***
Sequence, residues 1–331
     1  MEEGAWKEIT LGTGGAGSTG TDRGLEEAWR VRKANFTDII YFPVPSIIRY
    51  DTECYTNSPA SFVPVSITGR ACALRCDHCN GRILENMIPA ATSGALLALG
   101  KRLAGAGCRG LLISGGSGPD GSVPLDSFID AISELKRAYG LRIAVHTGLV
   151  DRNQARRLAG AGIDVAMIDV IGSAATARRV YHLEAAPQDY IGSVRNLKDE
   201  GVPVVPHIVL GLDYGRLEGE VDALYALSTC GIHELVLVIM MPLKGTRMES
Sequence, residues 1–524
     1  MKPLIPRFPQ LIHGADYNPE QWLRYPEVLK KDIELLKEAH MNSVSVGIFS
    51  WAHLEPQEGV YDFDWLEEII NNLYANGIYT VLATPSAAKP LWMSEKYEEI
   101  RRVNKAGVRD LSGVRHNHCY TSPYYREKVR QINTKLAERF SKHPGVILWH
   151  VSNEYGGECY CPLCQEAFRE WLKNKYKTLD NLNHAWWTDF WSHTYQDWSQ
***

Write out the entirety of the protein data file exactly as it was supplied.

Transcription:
Sequence, residues 1–331
     1  MEEGAWKEIT LGTGGAGSTG TDRGLEEAWR VRKANFTDII YFPVPSIIRY
    51  DTECYTNSPA SFVPVSITGR ACALRCDHCN GRILENMIPA ATSGALLALG
   101  KRLAGAGCRG LLISGGSGPD GSVPLDSFID AISELKRAYG LRIAVHTGLV
   151  DRNQARRLAG AGIDVAMIDV IGSAATARRV YHLEAAPQDY IGSVRNLKDE
   201  GVPVVPHIVL GLDYGRLEGE VDALYALSTC GIHELVLVIM MPLKGTRMES
Sequence, residues 1–524
     1  MKPLIPRFPQ LIHGADYNPE QWLRYPEVLK KDIELLKEAH MNSVSVGIFS
    51  WAHLEPQEGV YDFDWLEEII NNLYANGIYT VLATPSAAKP LWMSEKYEEI
   101  RRVNKAGVRD LSGVRHNHCY TSPYYREKVR QINTKLAERF SKHPGVILWH
   151  VSNEYGGECY CPLCQEAFRE WLKNKYKTLD NLNHAWWTDF WSHTYQDWSQ